At first glance, a seventh round pick who played just four years in the NFL wouldn't even be a consideration for the Pro Football Hall of Fame. The Hall is a special place where only the best players to ever play the game are remembered forever.
But...this is Pat Tillman we're talking about. He left the NFL in June of 2002 -- just two years past his NFL All-Pro selection -- to join the military following the Sept. 11 attacks.
How should Tillman be remembered? Is the Pro Football Hall of Fame an appropriate place?
That's the topic of discussion between a panel of writers at NFL.com. Some say the NFL's highest honor should be bestowed upon him for the sacrifice he made. It's hard to argue against that considering his actions and the timing of his decision to leave football at one of the most delicate times in American history.
That said, I'm not sure a bust in Canton makes the most sense. He does deserve to be in Canton, as Steve Wyche of NFL.com notes, but perhaps as a contributor.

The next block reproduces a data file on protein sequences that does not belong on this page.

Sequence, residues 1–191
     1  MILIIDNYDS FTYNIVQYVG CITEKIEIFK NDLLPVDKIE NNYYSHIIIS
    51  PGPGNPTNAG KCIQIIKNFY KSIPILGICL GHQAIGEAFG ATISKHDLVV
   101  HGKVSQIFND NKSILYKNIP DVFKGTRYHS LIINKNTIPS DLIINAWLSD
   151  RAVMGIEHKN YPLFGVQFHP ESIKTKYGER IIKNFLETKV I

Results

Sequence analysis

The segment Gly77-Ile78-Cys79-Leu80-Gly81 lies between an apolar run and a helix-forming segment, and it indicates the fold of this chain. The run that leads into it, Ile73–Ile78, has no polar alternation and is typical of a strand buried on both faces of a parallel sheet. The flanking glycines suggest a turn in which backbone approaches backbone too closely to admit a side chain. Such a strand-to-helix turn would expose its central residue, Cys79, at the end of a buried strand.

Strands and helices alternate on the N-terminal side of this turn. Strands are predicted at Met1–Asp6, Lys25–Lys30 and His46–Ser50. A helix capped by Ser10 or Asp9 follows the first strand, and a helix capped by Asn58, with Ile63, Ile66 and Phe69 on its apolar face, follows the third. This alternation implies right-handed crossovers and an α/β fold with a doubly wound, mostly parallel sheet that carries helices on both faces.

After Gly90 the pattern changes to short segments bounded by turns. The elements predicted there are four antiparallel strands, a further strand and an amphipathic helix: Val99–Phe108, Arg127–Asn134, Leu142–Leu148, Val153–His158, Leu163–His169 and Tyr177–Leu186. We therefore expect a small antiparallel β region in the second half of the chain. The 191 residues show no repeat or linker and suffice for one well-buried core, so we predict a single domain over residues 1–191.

This is a tough question because several athletes have sacrificed in their primes to defend our country. That said, Tillman deserves some form of distinction in Canton -- although I'm not quite sure enshrinement as a player fits. The Hall includes those who've contributed to the game in other ways, and Tillman should be one of those.
One thing Tillman did do was bring recognition and awareness to what U.S. troops were doing, and the sacrifices they were making. That's a significant accomplishment and it's something that warrants some sort of acknowledgment in Canton. Maybe a bust isn't what should be done, but recognition as a contributor, so as to separate the distinction between contributions on the field and off the field.